Shopping is a symptom

I have previously touched a little upon consumerism in here, but I have recently read a string of interesting discussions and blog posts about this, so I thought I would give my two cents on it as well. My general theory is that “shopping is symptom” – for everything that is going on for you, really.

Now, I am not talking about “shopping” as in “buying food and toilet paper”, but when you order another useless gadget on Amazon or browse a string of your favourite webshops “just to see what is new”, or you purchase something you semi-like because you have a discount code.

Let’s try to dig into that a little. I am by no means perfect, and Heaven knows that I have spend quite a substantial amount of money on online shopping. And still do sometimes, especially in these quarantine times. It is a process, but just being aware of your patterns can really help to just close the window and let it be sometimes.

“I need a new wardrobe” aka Hello I Feel Insecure And Uncomfortable

The first real, dramatic change of wardrobe occurred when I was around 16-17 and on my way out of a long punk phase. I still love black clothes, studs and fishnets until the day I die, but I may no longer be wearing awful kiddie-punk t-shirt, write on everything I wear and pierce my poor ears with an unclean safety pin. A lot of my shopping was, granted, because I really just needed some normal clothes.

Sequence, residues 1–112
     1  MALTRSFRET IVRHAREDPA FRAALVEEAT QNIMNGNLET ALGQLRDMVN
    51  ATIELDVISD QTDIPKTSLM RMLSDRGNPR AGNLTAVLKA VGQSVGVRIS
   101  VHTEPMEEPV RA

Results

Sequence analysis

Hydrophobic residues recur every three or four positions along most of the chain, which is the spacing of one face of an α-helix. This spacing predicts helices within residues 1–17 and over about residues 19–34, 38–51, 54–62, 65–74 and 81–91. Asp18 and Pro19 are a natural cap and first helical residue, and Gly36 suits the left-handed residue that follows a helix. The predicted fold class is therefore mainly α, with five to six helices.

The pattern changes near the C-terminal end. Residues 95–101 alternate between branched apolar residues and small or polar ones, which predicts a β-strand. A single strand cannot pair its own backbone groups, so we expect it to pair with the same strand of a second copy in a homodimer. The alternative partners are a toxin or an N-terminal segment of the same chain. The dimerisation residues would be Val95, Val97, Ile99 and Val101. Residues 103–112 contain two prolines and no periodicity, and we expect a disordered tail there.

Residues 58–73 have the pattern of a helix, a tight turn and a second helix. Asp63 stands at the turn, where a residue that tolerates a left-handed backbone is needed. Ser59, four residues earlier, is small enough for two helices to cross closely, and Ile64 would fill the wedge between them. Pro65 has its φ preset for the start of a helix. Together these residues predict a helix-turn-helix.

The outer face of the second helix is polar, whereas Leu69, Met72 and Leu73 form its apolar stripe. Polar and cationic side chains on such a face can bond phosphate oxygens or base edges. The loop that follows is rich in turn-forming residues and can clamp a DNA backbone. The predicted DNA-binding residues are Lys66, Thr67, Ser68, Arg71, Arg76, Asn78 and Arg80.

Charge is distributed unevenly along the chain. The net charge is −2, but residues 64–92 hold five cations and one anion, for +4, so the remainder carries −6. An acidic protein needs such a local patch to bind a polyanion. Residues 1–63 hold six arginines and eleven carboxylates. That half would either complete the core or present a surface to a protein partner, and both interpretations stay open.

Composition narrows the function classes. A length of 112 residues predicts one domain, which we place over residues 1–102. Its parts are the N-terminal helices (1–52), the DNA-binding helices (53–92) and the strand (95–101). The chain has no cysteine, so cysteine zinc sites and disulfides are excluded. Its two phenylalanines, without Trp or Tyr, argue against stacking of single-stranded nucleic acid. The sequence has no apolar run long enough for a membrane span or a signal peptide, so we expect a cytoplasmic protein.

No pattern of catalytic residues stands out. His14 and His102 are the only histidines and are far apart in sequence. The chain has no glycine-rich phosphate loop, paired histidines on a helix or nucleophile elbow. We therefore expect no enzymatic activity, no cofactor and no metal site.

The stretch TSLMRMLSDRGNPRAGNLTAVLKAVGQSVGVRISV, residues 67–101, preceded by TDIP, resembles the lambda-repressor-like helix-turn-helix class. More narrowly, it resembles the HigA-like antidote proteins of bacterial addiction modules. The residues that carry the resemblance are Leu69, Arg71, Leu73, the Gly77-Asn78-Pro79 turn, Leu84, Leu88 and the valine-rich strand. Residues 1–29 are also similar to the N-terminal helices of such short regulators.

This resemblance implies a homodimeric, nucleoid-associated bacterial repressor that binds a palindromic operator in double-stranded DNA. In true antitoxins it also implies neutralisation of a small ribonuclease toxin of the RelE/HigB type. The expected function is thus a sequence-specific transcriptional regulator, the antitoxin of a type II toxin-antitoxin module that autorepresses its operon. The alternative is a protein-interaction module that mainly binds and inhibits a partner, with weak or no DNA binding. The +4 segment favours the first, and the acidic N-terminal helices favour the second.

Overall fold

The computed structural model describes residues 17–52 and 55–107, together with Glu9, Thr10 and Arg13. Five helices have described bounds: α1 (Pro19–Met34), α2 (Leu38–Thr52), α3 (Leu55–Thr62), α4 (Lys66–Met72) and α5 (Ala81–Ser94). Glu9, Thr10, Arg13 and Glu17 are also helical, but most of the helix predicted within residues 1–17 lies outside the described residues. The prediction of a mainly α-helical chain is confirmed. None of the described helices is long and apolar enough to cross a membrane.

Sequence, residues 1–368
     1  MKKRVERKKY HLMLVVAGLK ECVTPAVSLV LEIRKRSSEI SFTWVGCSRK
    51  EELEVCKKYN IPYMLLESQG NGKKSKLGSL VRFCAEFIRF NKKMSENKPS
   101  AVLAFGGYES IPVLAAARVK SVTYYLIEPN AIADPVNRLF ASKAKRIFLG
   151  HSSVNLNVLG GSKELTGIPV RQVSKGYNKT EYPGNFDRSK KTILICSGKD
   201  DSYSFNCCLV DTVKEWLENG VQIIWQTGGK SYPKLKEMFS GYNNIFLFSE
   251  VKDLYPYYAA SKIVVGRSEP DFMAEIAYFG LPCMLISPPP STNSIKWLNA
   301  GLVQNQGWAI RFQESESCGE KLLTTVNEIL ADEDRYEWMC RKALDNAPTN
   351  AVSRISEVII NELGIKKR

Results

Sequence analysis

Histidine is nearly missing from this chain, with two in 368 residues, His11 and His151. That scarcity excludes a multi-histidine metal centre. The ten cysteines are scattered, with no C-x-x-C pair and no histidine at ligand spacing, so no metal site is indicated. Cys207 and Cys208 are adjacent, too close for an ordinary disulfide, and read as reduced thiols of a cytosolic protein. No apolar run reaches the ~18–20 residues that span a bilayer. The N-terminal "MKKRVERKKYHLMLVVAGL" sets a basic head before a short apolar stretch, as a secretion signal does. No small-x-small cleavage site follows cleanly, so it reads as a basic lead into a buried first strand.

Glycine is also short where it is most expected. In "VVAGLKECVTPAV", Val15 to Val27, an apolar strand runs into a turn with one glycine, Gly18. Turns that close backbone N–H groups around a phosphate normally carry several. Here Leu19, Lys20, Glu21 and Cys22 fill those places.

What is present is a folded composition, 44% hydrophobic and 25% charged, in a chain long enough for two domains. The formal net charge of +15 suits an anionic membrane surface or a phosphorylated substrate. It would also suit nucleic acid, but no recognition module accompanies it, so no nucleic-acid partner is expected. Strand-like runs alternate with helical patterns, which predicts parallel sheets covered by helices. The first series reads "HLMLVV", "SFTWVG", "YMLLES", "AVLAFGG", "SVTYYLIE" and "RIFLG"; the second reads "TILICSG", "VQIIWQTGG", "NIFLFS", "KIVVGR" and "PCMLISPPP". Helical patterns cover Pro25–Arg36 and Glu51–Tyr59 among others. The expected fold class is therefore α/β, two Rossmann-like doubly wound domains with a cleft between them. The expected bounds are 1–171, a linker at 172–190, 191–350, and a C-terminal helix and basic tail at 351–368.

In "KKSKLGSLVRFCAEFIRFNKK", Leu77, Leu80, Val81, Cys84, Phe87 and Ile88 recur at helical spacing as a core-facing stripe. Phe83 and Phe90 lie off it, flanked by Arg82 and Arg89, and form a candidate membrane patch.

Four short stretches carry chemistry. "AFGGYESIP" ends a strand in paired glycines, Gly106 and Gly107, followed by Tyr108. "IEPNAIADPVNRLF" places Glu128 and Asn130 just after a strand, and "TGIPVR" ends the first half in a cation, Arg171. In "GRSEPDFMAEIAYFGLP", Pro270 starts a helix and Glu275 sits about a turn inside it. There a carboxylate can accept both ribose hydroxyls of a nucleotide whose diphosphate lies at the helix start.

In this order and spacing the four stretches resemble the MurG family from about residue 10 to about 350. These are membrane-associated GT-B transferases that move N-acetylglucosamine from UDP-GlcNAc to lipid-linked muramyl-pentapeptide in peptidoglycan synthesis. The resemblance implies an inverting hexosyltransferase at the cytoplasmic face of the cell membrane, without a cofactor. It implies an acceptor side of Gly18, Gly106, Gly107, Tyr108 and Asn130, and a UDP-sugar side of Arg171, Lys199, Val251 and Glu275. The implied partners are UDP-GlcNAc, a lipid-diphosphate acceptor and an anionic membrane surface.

But since then, a lot of “wardrobe revamps” and purchases cannot exclusively be ascribed to my evolving fashion sense and has had more to do with how I was feeling during that time. Usually, something felt wrong and if I just bought XYZ items with this particular aesthetic, then I would just magically start to feel much better about myself. Somehow I would look exactly like the model in the photos and all my problems with my self-image, self esteem or stress level would just be thrown out with the bathwater. What an incredible sweater! That probably got used a few times before I donated it or sold it.

It can be difficult to really identify whether you actually are in need of new clothes or if you are just feeling particularly shitty about yourself. That is alright. I do not really have a magic formula, except for the more generic things such as, ya know, trying to deal with it in the best way you can and love yourself more. If I look back at how I felt back then and how I viewed myself versus how I actually looked, there is a world of difference. It serves as a reminder that my self-image is more tied up to my emotions than my eyes and they will give a distorted view if they so wish to do that.

I Am Stressed Out and Scrolling All The Webshops

When we feel stressed out or overwhelmed, some of us have a tendency to either shop mindlessly in stores after work, or get the online shopping going. By “us”, I sort of mean myself here (but let me just believe for a second here).